19 2.3. THE B MESON SYSTEM Neutral B meson mixing The four neutral B mesons are combinations of b( b) and d( d) or s( s) type quarks and antiquarks and are generalized as B 0. Their quark content is specified as follows: B 0 d = bd, B 0 d = b d, B 0 s = bs, B 0 s = b s. (2.14) It has been discovered in 1987 by the ARGUS collaboration [25] that a B 0 can oscillate into a B 0 and back. This phenomenon is called mixing of neutral B mesons and was first observed for B 0 d mesons. Mixing between meson and anti-meson occurs through the weak interaction. The state of a neutral B meson at time t can be described by a superposition of the two flavour states B 0 and B 0 : B(t) = a(t) B 0 + b(t) B 0. (2.15) This state evolves in time as described by the time-dependent Schrödinger equation: i d ( ) ( ) ( ) a(t) H11 H = 12 a(t). (2.16) dt b(t) H 21 H 22 b(t) An effective, non-hermitian Hamiltonian is used to account for losses due to B meson decay. The Hamiltonian can be re-written as a linear combination of hermitian mass M and lifetime Γ matrices: H = M i 2 Γ = ( M11 M 12 M 21 M 22 ) i 2 ( ) Γ11 Γ 12. (2.17) Γ 21 Γ 22 CPT symmetry dictates that B 0 and B 0 have equal masses, M 11 = M 22, and equal lifetimes, Γ 11 = Γ 22. As M and Γ are hermitian matrices, the off-diagonal matrix elements satisfy M 12 = M 21 and Γ 12 = Γ 21. Those terms represent flavour-changing transitions with virtual (M 12 ) or on-shell (Γ 12 ) intermediate states. The box diagrams containing a top quark as shown in figure 2.3 dominate the amplitude M 12. The associated CP-odd phases of the B B mixing are called φ d (B d mesons) and φ s (B s mesons). The eigenstates of the effective Hamiltonian are the mass eigenstates of the neutral B mesons. These mass eigenstates can be represented as linear combinations of the two flavour eigenstates B 0 and B 0 : B L,H (t) = p B 0 ± q B 0, (2.18) where L and H label the lighter and heavier mass eigenstates. The complex parameters p and q satisfy the normalisation condition p 2 + q 2 = 1. Their ratio can be obtained by solving the effective Schrödinger equation, which leads to: q p = H21 H 12. (2.19)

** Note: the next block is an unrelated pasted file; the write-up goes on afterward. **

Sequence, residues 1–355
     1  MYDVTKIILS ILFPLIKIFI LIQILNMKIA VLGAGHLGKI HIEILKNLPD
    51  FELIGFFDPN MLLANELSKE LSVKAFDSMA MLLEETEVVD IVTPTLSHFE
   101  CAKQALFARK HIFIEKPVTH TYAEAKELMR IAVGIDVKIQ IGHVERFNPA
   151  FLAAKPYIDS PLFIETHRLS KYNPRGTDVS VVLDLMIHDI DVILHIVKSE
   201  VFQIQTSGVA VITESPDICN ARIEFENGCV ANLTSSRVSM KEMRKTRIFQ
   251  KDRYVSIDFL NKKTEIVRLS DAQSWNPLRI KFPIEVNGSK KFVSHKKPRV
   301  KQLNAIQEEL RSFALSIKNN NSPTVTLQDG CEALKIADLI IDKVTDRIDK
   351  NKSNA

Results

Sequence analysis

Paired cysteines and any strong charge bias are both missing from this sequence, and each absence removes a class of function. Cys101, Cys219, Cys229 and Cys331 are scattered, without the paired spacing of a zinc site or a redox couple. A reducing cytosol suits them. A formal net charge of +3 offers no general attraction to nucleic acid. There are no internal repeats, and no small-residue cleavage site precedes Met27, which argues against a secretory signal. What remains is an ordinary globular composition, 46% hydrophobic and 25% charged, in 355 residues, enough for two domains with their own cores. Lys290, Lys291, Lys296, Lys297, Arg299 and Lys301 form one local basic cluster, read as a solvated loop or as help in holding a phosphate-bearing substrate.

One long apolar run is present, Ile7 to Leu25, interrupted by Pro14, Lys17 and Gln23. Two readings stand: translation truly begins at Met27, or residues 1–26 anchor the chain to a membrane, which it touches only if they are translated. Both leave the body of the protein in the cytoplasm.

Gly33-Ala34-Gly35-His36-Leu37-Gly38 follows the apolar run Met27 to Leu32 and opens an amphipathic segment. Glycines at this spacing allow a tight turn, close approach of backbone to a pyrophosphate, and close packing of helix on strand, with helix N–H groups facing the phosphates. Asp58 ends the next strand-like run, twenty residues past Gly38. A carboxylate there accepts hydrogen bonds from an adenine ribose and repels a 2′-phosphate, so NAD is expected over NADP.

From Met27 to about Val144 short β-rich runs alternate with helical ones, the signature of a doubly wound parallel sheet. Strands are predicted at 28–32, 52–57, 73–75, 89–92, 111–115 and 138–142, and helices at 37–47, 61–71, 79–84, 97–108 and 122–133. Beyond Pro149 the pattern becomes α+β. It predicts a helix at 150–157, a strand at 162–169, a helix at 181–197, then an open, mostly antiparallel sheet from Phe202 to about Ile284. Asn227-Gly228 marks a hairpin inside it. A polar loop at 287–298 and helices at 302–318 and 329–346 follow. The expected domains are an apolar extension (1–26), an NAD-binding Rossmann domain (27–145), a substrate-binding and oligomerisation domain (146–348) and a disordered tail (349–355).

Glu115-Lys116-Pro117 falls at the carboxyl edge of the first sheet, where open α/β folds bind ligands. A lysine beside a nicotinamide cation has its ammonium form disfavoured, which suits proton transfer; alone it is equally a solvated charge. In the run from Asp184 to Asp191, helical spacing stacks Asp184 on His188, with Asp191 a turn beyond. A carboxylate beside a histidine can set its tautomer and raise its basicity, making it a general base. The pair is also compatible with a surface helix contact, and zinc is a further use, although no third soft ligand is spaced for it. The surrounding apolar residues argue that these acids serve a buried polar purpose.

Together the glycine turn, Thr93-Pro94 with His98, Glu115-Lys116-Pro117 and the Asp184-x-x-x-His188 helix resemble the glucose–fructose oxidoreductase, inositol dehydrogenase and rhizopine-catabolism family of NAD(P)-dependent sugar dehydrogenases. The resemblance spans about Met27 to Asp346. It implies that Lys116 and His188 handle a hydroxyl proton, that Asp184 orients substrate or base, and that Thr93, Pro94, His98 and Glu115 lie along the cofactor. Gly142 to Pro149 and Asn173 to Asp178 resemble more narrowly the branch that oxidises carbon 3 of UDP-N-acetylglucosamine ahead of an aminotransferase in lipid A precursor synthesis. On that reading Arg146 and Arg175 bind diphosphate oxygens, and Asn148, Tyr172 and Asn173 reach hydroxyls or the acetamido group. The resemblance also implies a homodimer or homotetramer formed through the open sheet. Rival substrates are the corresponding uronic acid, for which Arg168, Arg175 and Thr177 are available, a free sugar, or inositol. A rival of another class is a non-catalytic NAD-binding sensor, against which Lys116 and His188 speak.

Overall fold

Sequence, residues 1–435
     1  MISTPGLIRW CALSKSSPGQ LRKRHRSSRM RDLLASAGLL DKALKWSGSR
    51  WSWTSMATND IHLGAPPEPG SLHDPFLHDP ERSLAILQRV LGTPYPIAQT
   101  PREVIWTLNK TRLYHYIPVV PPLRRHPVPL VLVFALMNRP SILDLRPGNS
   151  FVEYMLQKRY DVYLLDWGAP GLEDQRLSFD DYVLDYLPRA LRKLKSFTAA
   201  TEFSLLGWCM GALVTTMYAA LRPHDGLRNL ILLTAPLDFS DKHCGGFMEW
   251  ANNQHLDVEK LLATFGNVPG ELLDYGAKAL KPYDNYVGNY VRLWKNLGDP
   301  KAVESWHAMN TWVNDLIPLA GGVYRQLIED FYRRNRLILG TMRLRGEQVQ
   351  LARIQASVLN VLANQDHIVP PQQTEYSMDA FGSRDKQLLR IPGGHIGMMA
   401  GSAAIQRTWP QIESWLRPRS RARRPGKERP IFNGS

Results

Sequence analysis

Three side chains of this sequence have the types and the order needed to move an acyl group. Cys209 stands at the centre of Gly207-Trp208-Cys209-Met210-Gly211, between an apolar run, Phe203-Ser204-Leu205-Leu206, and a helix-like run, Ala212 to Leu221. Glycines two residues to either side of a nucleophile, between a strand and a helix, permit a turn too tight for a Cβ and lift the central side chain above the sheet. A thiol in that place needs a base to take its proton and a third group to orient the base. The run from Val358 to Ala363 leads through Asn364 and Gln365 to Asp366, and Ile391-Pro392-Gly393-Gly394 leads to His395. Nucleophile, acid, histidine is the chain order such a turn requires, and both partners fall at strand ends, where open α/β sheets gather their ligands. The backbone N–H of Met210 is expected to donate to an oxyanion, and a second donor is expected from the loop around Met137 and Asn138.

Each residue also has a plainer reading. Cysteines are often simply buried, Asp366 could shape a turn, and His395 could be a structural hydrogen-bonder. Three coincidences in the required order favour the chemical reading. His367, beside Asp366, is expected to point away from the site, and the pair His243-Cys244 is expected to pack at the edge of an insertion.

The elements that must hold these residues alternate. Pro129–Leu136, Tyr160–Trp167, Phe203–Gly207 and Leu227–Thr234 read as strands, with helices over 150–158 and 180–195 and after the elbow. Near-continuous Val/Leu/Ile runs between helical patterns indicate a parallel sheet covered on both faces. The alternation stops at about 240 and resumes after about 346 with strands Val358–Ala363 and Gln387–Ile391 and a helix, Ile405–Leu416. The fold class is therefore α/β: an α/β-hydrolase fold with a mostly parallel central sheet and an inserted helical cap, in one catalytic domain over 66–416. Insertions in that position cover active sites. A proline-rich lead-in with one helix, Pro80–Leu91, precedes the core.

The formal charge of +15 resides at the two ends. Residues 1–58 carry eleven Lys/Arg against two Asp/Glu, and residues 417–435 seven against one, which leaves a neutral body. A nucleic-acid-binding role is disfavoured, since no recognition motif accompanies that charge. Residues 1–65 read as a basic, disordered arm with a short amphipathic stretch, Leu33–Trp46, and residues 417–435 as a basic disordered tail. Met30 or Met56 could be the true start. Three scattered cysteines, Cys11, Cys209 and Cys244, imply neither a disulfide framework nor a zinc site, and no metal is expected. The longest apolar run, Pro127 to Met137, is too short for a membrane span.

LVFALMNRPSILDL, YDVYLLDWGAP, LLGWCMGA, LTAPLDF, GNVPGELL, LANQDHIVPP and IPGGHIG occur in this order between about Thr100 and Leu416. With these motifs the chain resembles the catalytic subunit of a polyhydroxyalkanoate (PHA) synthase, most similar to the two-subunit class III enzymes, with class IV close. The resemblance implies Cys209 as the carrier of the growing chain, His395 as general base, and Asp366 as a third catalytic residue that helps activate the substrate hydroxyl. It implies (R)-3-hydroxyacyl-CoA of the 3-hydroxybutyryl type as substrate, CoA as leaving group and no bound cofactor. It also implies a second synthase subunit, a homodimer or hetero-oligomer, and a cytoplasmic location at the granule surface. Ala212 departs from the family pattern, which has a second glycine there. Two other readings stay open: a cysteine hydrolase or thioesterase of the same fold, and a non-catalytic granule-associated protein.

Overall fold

20 1.3. The B meson system CHAPTER 2. THEORY (a) b V tb t V tq q (b) b V tb W V tq q B 0 q W W B 0 q B 0 q t t B 0 q q V tq t V tb b q V tq W V tb b Figure1.3: 2.3: Feynman box diagrams illustrating of contributions B 0 q B 0 qtomixing, M 12, illustrating where q the (s,d). transformation from Bprocess 0 to B 0, for withb 0 the quark B 0 is obtained q being either by replacing a bottomallor quarks a strange by antiquarks (and andvice the top versa) quark andcan taking alternatively the complex-conjugates be a u or c quark. of thethe CKM reverse elements. process requires The charge-conjugated (anti)quarks to be replaced by their antiparticles and taking the complex-conjugates and of the Γ q matrices CKM matrix are identical. elements. The off-diagonal terms arise from B = 2 flavour-changing transitions with virtual (M q 12 ) or real intermediate states (Γq 12 ) and are particularly important in The thetime discussion dependence of CP of violation. the light and heavy mass eigenstates can be expressed as Diagonalizing a function of the (1.14), massone eigenstate can get at thetime mass ofeigenstates creation: and the corresponding eigenvalues of the effective Hamiltonian. The eigenstates are defined as: B B q L,H (t) = e (im L,H+Γ L,H /2)t B H = p B0 q q B 0 q, B q L,H (0). (2.20) L = p B0 q + q B 0 q, (1.15) In the exponent, where B q H is the heavy M L,H mass and Γ eigenstate L,H are the and physical masses and lifetimes of the mass eigenstates. The differences in and averages Bq of L isthe the mass light and mass lifetime eigenstate. are defined The corresponding eigenvalues are given as: as: M = M H M λ q H (Mq 0 i L, M 2 Γq 0 ) q = (M H + p (Mq 12 i M L )/2, Γ = Γ 2 Γq 12 ), (2.21) H Γ L, Γ = (Γ H + Γ L )/2. It is the difference in mass λ q L = which (Mq 0 i determines 2 Γq 0 ) + q the p (Mq 12 frequency i 2 Γq 12 ). of the neutral B meson oscillations, as can be seen from formula (2.25). The phenomenon of (1.16) oscillation in the neutral B meson system has mainly been studied for B 0 The variables p and q, satisfying p 2 + q 2 d mesons. Oscillations between B 0 = 1, describe the transformation from the s and B 0 s mesons have been observed more recently by the flavour CDF [26] basisand intod0 the[27] masscollaborations. basis. Their ratio The can mass be obtained differences by the which diagonalisation dictate the oscillation of the effective Schrödinger frequencies equation are determined and is defined to be as: M d = ± ps 1 [28] and M s = ± 0.10 ± 0.07 ps 1 [26]. A larger q p = 2M q 12 mass difference for the B 0 iγq s implies a more rapid oscillation than for the B 12 d. 2M q This 12 is illustrated. in figure 2.4, which (1.17) shows the probability as a function of time for iγq a 12 B 0 to decay as a B 0 or B 0, under The the mass assumption difference, that M q/p q, and = 1. themeasurements decay width difference, of the decay Γ width q, between difference the heavy Γ s and light in the eigenstates B 0 s J/ψφ of the channel neutral have B meson been are made given by D0 by [29] and CDF [30], resulting in 0.17 ± 0.09 ± 0.02 ps 1 and ± M q = M q ps 1. Hadrons are created in processes which Hinvolve Mq L the, strong interaction. For neutral B mesons this implies that Γ they q are = created Γ q H Γq as L, pure flavour eigenstates. Their (1.18) time evolution can be expressed by combining equations (2.18) and (2.20): such that M q is positive by definition, while the sign of Γ q needs to be experimentally determined. The average mass B 0 (t) and = g decay + (t) B 0 width + q of the heavy and light eigenstates are p g (t) B 0, B 0 (t) = g + (t) B 0 + p (2.22) q g (t) B 0. Here the first term leaves the flavour state unchanged, whilst the second term lets it oscillate. The parameters g ±, representing the decay time dependency, are given